Hello! My name is Juan J. DelaCruz, Associate Professor at the Department of Economics and Business of Lehman College (Bronx) and Associated Faculty of the School of Public Health and Health Policy (Harlem) both within the City University of New York, a complex of more than 25 junior and senior colleges serving a highly diverse population across the 5 boroughs. Lehman College serves several minority groups across race/ethnicity (Hispanics and Blacks), age (undergraduate students older than 25 years in average), income status (low income), and educational background (first college attendees in their families). We have a School of Public Health and a Department of Economics and Business that operate in isolation, thus there is a need for stronger collaboration in disciplines that intersect areas of common knowledge such as health economics and economic evaluation.
As a result of my engagement in the Minority-Serving Institution Program of the AEA, I proposed two different courses that initiate the groundwork for stronger quantitative tools for health scientist and public health devises for economist interested in human capital in the form of health. The first proposal was Health Economics as an undergraduate course covering topics in the intersection of economics and health (individual and public). Economics helps improve our perception of health markets, economic costs, planning (short- and long term), etc. This course introduces an analysis of health market structures; demand and supply for healthcare; insurance and funding mechanisms; performance of the health care sector from a theoretical perspective as well as provides a comparative analysis of the US healthcare system. The second proposal was Economic Evaluation of Health Programs using cost-utility, -benefit and -effectiveness analyses. Applications of economic evaluation in healthcare programs have increasingly gained importance in the literature of health sciences and among practitioners. This course introduces how to assessment health and healthcare from an economic point of view. Economic evaluation approaches are significant to better understand resource allocation under scarcity and uncertainty. These courses were recently approved by college officials and are ready to go!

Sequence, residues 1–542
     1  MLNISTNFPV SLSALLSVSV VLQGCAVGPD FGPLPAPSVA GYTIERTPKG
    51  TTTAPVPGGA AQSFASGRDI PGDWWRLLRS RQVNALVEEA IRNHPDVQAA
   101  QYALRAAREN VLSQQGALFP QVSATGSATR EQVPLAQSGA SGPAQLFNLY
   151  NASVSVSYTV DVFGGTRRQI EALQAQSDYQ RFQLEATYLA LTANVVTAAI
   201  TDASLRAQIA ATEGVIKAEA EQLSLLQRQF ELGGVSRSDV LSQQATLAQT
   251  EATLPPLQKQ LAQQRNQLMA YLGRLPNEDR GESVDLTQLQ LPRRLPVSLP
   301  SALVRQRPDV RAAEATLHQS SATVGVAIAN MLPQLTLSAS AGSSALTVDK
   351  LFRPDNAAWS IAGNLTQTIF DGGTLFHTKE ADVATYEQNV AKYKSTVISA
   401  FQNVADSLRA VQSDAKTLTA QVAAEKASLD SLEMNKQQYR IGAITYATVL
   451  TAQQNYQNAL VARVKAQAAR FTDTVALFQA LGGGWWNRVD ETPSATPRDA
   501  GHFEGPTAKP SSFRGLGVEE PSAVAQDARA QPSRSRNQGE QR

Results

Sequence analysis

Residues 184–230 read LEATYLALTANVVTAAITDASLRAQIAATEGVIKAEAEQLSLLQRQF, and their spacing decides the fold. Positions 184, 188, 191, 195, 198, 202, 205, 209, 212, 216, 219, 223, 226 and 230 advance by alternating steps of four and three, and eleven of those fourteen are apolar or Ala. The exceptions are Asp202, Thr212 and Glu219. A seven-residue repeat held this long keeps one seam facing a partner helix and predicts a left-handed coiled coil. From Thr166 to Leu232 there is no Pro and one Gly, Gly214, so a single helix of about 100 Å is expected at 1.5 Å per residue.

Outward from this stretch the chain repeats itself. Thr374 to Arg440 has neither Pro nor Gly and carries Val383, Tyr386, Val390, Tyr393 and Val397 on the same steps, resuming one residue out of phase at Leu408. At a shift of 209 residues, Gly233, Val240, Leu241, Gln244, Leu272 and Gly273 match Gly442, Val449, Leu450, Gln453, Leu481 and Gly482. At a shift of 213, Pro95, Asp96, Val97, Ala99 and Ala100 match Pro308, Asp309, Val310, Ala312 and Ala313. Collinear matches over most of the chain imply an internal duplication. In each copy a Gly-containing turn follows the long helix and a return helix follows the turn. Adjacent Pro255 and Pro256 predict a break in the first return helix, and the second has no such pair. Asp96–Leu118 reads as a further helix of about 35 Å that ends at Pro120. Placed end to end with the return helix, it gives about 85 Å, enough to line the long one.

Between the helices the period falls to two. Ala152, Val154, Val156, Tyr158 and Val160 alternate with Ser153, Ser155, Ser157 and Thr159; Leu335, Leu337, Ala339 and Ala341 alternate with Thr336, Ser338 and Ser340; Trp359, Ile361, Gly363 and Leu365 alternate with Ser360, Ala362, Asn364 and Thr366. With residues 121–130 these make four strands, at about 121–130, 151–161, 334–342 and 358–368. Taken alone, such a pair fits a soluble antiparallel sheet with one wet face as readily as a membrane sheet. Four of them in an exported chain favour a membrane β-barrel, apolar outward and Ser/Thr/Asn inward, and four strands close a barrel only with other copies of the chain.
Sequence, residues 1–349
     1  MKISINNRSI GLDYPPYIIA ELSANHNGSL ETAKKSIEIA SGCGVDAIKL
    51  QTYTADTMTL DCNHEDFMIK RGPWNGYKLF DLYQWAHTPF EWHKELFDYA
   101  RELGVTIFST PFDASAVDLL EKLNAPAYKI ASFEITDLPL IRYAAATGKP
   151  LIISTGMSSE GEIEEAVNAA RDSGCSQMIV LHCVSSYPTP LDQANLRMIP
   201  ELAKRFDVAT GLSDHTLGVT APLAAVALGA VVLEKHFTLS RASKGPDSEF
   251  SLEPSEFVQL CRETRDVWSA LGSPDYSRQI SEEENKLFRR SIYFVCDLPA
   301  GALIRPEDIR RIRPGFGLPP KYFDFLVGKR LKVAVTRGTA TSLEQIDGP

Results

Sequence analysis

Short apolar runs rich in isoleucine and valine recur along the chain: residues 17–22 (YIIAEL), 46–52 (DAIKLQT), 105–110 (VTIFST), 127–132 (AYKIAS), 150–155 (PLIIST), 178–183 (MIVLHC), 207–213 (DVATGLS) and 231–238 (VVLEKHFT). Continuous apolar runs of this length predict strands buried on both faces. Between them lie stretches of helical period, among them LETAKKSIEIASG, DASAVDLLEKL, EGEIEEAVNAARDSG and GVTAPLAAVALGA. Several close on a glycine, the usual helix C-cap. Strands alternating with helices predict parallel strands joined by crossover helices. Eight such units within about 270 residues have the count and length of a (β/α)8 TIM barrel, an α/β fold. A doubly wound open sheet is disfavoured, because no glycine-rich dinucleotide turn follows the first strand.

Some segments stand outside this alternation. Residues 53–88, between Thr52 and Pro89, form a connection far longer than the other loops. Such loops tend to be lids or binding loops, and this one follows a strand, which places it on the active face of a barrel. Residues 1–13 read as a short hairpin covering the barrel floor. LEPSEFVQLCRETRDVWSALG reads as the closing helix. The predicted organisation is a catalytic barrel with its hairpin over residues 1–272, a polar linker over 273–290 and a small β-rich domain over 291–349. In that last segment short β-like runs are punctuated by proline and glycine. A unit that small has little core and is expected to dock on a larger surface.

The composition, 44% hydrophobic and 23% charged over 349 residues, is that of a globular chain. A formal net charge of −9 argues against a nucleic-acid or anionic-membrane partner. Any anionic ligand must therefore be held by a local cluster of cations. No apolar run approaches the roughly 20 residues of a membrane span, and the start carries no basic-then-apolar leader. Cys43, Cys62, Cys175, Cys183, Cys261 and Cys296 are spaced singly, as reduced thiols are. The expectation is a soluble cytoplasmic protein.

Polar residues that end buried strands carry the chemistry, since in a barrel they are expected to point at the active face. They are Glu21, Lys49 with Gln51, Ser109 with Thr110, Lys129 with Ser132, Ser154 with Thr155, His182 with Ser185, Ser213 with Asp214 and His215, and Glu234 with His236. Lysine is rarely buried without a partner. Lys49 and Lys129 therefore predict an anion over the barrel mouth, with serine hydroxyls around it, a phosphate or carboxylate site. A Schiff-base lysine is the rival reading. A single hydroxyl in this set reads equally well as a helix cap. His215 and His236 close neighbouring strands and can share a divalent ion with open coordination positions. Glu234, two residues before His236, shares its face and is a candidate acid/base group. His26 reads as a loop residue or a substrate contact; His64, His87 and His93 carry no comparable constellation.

Economic evaluation is a significant tool to assess program implementation in health sciences. Its contribution in regards to culturally responsive evaluation has been misunderstood due to its quantitative nature and rigid framework. As mentioned in a previous blog, any discipline regardless of its orientation can be helpful for this purpose if the goal is to include culture and its context. The creation of these courses, beyond its scholarly contribution, has the purpose to build collaboration within academic department. The ultimate goal is to create an interdisciplinary minor in medical doctors, public health specialists, sociologist, social workers and other sciences intermingle with economic methods.
- Academic literature (https://www.rxcomms.com/newsletter/top-ten-health-economics-journals/)
- Academic institutions (masters and PhD programs)
- NBER papers on Health Economics (http://www.nber.org/papersbyprog/HE.html)
- Economic evaluation (http://www.who.int/water_sanitation_health/publications/2012/ch12.pdf)
- Palmer, S; Byford, S, and Raftery, J (1999), “Types of economic evaluation”, BMJ, 318(7194):1349; PMCID: PMC1115723
The American Evaluation Association is AEA Minority Serving Institution (MSI) Fellowship Experience week. The contributions all this week to aea365 come from AEA’s MSI Fellows. For more information on the MSI fellowship, see this webpage: http://www.eval.org/p/cm/ld/fid=230 Do you have questions, concerns, kudos, or content to extend this aea365 contribution? Please add them in the comments section for this post on the aea365 webpage so that we may enrich our community of practice. Would you like to submit an aea365 Tip? Please send a note of interest to email@example.com. aea365 is sponsored by the American Evaluation Association and provides a Tip-a-Day by and for evaluators.